Home Equity Mortgage Loans vs. Purchase Mortgage Loans
Most people must use a purchase mortgage loan to buy a house but taking out a home equity mortgage loan (or home equity loan) is a choice homeowners make after they have purchased their home. A home equity loan or a home equity line of credit is sometimes called a “second mortgage” (if the loan is placed on a property that already has a mortgage against it) and allows you to tap into your home’s equity (the current market value of your home minus the amount you still owe on your purchase mortgage loan) to receive cash. A purchase mortgage loan can only cover the purchase price of a home.
Some borrowers use a home equity loan to consolidate debts into a single, low interest monthly payment, while others use their home equity loan to pay for a kitchen remodel, college expenses, or even a vacation to Hawaii. Below, we’ll dive deeper into the differences between a home equity loan vs. purchase mortgage loans.
- What is a purchase mortgage loan?
- What is a second mortgage?
- What is a home equity loan?
- What is a HELOC?
What is a purchase mortgage loan?
A purchase mortgage loan can help you buy a house or another piece of real estate. In most cases, a mortgage has a fixed interest rate and gets paid off over 15 to 30 years. To obtain a purchase mortgage loan, lenders typically require you to put down at least 3% of the total price of the home. You will then use the purchase mortgage loan to pay off the remaining price to purchase your new home.
To see what your current income and expenses allow you to afford for a new home, use our home affordability calculator.
Principal, Interest, Taxes, Fees, and Insurance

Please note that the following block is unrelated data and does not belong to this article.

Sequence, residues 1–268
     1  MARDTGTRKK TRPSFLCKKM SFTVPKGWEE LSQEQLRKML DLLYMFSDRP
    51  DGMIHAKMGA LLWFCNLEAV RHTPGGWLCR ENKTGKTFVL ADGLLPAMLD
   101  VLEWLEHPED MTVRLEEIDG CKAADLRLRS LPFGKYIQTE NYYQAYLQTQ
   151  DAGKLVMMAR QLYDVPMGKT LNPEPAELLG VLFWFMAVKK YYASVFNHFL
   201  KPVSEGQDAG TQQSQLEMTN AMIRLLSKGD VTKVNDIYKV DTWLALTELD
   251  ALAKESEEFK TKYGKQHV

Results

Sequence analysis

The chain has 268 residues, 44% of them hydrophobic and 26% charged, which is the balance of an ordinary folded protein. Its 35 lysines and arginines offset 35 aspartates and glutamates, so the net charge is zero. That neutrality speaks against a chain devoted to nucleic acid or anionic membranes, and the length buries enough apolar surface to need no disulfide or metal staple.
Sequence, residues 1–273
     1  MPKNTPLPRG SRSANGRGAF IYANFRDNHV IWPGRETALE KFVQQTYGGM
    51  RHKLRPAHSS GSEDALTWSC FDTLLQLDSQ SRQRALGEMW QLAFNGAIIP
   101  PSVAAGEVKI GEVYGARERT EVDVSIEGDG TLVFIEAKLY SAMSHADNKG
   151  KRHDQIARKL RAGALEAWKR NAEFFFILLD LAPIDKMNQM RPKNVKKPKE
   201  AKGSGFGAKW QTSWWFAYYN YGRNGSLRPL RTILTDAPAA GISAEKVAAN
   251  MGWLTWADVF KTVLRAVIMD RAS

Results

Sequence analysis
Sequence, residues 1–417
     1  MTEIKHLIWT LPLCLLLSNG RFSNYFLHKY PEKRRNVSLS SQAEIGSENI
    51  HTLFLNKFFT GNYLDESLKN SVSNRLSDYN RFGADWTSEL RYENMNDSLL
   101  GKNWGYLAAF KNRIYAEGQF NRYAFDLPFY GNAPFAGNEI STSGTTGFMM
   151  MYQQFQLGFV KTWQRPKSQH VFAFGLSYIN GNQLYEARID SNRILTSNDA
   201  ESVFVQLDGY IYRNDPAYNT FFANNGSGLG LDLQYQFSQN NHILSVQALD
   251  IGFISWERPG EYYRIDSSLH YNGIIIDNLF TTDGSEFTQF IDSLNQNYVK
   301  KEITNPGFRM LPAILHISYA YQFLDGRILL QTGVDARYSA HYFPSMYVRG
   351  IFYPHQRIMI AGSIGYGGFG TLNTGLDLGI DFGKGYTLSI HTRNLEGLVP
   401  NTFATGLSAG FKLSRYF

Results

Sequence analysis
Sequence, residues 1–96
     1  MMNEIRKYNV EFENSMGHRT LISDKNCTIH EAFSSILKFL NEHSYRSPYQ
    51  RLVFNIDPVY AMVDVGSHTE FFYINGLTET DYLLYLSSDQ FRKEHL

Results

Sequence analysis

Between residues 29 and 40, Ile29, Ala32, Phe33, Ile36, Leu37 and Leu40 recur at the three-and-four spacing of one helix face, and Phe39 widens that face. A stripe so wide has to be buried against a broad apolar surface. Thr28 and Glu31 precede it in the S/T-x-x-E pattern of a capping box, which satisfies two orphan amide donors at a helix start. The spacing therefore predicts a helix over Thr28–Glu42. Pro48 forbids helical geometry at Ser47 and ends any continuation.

When you take out a purchase mortgage loan, your monthly payment will often be comprised of five parts:
- Principal: The total amount of money you borrowed to buy the home.
- Interest: The price you pay, in addition to the principal to borrow the money for as long as you have the loan.
- Taxes: The property taxes you pay as a homeowner.
- Fees & PMI: Insurance for the home loan that you are required to purchase (if you provide less than a 20% down payment to purchase the home) to cover any potential default against the purchase mortgage loan.
- Home Insurance: Insurance to protect the homeowner’s new home from unexpected expenses.
If you want to see what the total monthly payments will be for a mortgage loan, enter your home price and budget available for a down payment in our mortgage payment calculator.
If you’re in the market for a home, it’s a good idea to get pre-approved for a mortgage. With a pre-approval, you can find out the maximum purchase price you can afford and show sellers you’re serious about buying. If you do go through the pre-approval process, you can expect a lender to check your credit report, debt-to-income ratio, and other parts of your financial profile to qualify you for a loan amount.
A loan you can take out against an already mortgaged home is known as a second mortgage
Different Types of Purchase Mortgage Loans
While there are many different types of purchase mortgage loans, the most common ones include:
- Conventional: A conventional loan is any mortgage that isn’t guaranteed or insured by a government agency. A minimum down payment of 3% is usually required. PMI is generally required if the down payment is less than 20%.